It is abundantly clear from the record that the appellant attempted to perfect his bill of exception at the time all prospective jurors were present, to show that he had exhausted his peremptory challenges and had been forced to take an objectionable juror and was thus harmed, but he was *671 prevented from doing so by the action of the Court.

A review of appellant's voir dire examination of the prospective jurors reveals no attempt to prolong the voir dire. Not a single objection was addressed to any of his questions, and they do not appear to be irrelevant, immaterial or unnecessarily repetitious. The docket sheet reflects that jury selection began at 2.32 P.M. and concluded at 3:20 P.M.

Trial by impartial jury has been considered a bulwark of Anglo-American liberties particularly in criminal cases where it operates as a protection of civil liberties. An impartial jury has been said to be one which favors neither party, which is unprejudiced, disinterested, equitable, and just, and which is composed of jurors who have not pre-judged the merits of the case. See Duncan v. State, 79 Tex.Cr.R. 206, 184 S.W. 195.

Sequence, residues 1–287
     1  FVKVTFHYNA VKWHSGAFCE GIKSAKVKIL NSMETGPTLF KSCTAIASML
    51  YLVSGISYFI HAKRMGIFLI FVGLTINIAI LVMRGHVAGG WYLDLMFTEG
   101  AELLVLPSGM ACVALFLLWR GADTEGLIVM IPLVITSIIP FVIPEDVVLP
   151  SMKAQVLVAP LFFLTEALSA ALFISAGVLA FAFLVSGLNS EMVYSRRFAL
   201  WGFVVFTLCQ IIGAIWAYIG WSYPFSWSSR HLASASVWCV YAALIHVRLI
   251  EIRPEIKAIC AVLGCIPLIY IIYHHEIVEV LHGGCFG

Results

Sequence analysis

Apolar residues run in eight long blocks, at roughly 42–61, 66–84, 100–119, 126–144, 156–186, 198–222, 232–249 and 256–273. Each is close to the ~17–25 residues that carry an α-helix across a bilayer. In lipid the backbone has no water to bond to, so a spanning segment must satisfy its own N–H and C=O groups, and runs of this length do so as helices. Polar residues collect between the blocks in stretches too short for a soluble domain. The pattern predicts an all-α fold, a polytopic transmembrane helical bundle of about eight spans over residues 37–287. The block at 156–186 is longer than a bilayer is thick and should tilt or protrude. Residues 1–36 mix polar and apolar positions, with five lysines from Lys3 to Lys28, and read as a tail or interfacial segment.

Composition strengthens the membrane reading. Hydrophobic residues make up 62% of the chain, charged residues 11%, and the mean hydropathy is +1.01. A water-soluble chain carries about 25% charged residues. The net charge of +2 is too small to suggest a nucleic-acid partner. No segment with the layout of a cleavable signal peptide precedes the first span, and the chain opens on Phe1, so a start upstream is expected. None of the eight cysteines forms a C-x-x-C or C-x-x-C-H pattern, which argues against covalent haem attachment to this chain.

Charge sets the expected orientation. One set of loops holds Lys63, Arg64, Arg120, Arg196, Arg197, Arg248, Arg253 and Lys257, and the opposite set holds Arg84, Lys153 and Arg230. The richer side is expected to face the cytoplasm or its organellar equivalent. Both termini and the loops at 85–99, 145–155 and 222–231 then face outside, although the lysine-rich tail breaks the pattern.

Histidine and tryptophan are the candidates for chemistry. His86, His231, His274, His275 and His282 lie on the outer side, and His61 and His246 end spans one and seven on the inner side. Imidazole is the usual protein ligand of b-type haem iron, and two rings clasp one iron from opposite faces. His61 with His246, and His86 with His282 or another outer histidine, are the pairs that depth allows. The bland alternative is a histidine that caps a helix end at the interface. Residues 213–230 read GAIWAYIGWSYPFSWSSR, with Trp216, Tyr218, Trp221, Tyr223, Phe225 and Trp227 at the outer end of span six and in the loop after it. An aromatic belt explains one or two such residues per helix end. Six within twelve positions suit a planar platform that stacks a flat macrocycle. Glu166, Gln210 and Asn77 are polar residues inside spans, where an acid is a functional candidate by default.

The voir dire process is designed to insureto the fullest extent possiblethat an intelligent, alert and impartial jury will perform the duty assigned to it by our judicial system.

Both Article 1, Sec. 10, Texas Constitution, Vernon's Ann.St., and Article 4 (now 1.05) Vernon's Ann.C.C.P. provide that an accused person shall have the right of being heard by himself or counsel or both. It is well established by numerous decisions of this Court that this constitutional guarantee of the right to be represented by counsel carries with it the right of counsel to interrogate the members of the jury panel to the end that he may form his own conclusion, after his personal contact with the juror, as to whether in counsel's judgment he would be acceptable to him or whether, on the other hand, he should exercise a peremptory challenge to keep him off the jury. Mathis v. State, 167 Tex.Cr.R. 627, 322 S.W.2d 629; Olliff v. State, 161 Tex.Cr.R. 336, 276 S.W.2d 839; Carlis v. State, 121 Tex.Cr.R. 290, 51 S.W.2d 729; Pendergrass v. State, 121 Tex.Cr. R. 213, 48 S.W.2d 997; Hirschberg v. State, 108 Tex.Cr.R. 175, 299 S.W. 641; Plair v. State, 102 Tex.Cr.R. 628, 279 S.W. 267; Belcher v. State, 96 Tex.Cr.R. 382, 257 S.W. 1097; Reich v. State, 94 Tex.Cr.R. 449, 251 S.W. 1072; Kerley v. State, 89 Tex.Cr.R. 199, 230 S.W. 163; Barnes v. State, Tex.Cr.App., 88 S.W. 805.

Further in Plair v. State, supra, it was said: